Epitopes mapping and vaccine development of Mycoplasma hyopneumoniae through phage display technology
Mycoplasma hyopneumoniae is the etiologic agent causing chronic pneumonia of swine. The lung lesions of swine produce the slower growth rate and lower feed conversion ratio and finally cause economic loss. Although four genome projects of mycoplasma species had been completed, the genome-sequencing project of M. hyopneumoniae also closed to the finished stage. However, only a few genes and proteins of M. hyopneumoniae have been studied, the molecular pathogenic mechanism remains elusive. The research of molecular vaccine is still preliminary.
In order to obtain more information about epitope structures as the basis to develop molecular vaccine against this pathogen, two phage-displayed random heptapeptides libraries were used to identify epitopes recognized by purified IgG of rabbit anti-M. hyopneumoniae hyperimmune serum in this study. Individual phage clones were isolated and verified the binding specificity to the purified IgG by Western blot analysis and competitive ELISA after three rounds of biopanning. The selected clones were further characterized by DNA sequencing analysis and deduced to amino acid sequences. There are six consensus sequences contained tri- to hepta-peptide existing among the selected phage clones by aligning the sequences of foreign amino acids displaying on pIII protein. The consensus sequences may be serving as crucial epitopes of M. hyopneumoniae. By searching the protein database of M. hyopneumoniae deposited in NCBI, some surface proteins were matched by the selected mimotopes. Like P97, the essential protein for attaching to cilia of swine, the deduced epitopes mainly located at a.a. from 365 to 382, 395 to 403 and 436 to 452, the R1 and R2 repeated sequences also matched by the mimotopes.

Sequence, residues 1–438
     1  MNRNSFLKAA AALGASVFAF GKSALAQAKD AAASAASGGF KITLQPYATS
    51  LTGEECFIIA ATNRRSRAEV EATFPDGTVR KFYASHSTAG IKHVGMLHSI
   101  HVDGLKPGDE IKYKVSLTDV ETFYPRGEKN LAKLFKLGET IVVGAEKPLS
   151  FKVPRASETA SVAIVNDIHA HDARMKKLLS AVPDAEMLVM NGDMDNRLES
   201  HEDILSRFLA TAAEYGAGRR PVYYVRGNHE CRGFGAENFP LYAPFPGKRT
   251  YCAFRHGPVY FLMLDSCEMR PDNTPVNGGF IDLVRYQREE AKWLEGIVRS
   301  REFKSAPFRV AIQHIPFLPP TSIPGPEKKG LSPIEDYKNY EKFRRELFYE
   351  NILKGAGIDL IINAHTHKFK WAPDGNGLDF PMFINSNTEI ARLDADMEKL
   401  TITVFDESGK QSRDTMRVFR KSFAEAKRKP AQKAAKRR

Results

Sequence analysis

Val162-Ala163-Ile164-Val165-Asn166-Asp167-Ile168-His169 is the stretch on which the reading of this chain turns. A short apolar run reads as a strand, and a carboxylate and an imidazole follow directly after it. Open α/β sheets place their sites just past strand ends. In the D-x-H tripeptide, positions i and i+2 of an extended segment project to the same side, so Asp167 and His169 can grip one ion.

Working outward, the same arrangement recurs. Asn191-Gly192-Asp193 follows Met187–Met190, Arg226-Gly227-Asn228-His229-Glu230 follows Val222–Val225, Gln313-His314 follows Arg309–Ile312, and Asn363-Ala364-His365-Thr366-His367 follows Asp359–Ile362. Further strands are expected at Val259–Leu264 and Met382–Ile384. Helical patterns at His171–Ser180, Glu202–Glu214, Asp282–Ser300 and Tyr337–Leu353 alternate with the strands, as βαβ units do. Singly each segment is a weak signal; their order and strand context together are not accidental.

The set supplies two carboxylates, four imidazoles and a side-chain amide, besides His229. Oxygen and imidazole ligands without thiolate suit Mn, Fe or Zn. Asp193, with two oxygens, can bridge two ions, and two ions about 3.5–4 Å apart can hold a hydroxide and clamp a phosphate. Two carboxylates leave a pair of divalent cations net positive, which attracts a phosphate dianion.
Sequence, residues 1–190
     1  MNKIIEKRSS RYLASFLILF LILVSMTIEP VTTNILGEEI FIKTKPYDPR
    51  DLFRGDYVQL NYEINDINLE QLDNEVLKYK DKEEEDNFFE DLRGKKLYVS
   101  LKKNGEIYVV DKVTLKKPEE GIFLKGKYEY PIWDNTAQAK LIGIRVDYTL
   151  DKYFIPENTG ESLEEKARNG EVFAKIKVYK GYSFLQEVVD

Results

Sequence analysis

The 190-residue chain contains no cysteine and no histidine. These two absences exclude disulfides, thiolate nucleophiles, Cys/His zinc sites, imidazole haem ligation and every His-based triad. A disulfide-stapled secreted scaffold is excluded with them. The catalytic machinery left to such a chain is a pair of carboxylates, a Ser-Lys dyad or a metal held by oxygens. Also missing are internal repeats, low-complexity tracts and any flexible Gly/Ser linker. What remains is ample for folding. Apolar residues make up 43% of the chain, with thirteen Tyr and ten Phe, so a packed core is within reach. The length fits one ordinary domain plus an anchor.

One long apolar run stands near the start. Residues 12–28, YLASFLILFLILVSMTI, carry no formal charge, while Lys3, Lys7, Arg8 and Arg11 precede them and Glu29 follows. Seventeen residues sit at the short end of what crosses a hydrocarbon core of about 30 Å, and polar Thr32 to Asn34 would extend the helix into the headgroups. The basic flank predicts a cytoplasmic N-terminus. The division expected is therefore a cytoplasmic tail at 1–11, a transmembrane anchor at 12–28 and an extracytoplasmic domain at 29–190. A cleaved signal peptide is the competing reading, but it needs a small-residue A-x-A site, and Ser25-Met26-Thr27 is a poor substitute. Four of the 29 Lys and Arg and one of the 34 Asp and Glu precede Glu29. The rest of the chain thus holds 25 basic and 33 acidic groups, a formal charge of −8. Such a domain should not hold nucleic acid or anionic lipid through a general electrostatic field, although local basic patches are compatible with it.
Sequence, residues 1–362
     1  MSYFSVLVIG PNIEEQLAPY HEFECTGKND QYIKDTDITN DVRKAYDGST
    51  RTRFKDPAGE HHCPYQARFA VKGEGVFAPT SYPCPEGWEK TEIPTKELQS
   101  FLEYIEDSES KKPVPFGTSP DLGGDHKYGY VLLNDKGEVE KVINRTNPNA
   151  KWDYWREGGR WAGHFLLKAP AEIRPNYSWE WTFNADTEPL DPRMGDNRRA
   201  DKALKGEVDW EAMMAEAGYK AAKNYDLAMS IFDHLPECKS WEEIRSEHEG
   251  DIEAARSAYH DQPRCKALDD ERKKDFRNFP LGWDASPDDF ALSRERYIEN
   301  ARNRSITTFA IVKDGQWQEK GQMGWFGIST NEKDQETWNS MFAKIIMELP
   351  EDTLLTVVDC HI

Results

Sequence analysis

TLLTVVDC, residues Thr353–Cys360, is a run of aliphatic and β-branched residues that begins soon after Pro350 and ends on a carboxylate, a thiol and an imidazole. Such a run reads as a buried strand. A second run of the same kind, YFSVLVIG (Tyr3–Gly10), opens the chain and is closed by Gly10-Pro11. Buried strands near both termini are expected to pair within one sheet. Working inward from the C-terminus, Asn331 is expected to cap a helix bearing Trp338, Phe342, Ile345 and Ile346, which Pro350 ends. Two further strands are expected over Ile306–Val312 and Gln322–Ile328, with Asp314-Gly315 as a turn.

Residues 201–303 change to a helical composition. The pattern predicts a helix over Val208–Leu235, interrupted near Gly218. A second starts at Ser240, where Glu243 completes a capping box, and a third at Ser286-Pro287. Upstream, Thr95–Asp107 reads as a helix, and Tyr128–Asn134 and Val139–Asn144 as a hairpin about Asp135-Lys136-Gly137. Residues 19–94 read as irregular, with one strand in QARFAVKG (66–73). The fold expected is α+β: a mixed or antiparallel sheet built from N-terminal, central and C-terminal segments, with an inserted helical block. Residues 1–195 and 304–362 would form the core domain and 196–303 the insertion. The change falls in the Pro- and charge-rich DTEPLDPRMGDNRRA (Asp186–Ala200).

To evaluate the potential of these mimotopes as effective vaccine, several phage clones were chosen to immunize mice by intraperitoneal and intranasal administration. There are specific antibody responses to these mimotopes existing in serum IgG, fecal extracts and bronchoalveolar lavage fluids IgA. The serum IgG subclass profiles analysis reveals that these are mainly existed in IgG1 subclass. Base on the results of IgG subclass profiles analysis in sera, the results suggest that the phage-derived vaccines mainly activate Th2 cellular immunity pathway with the strategy used in this study. The similar results were found in the inactivated vaccine. The Th2 activation will promote the elimination of extracellular microorganism. Western blotting analysis showed that each serum raised by the phage clones could recognize 2 to 5 mycoplasma proteins. With the results of growth inhibition assay, we found that the selected phage clones CS4 and 58 are better vaccine candidates and some proteins (97 kDa¡B56 kDa and 30 kDa) may play crucial roles in block the bacteria growth.
The advantage was taken of the natural property of M13 phage to infect E. coli, which is initiated by the N terminal of pIII coat protein binding with the F pili of E. coli. Plaque reduction tests were proposed to demonstrate the humoral immunity responses induced by phage-derived vaccine containing the antibodies specifically against the foreign peptide displayed on pIII coat protein.
The present results provide more epitope information of M. hyopneumoniae. The mice immunization results reveal that the phage-displayed mimotopes can be used as potential vaccine candidates. The strategy presented in this study can shorten the time course for vaccine development and provide an alternative pathway for searching vaccine candidates against M. hyopneumoniae.
Advisor:David Shiuan; Steven Shoei-Lung Li; Yi-Ren Hong; Jiin-Tsuey Cheng; Ming-Yi Liau; Chung-Nan Weng
School:National Sun Yat-Sen University
School Location:China - Taiwan
Source Type:Master's Thesis
Keywords:vaccine plaque reduction test mycoplasma hyopneumoniae phage display technology epitope mapping
Date of Publication:01/27/2003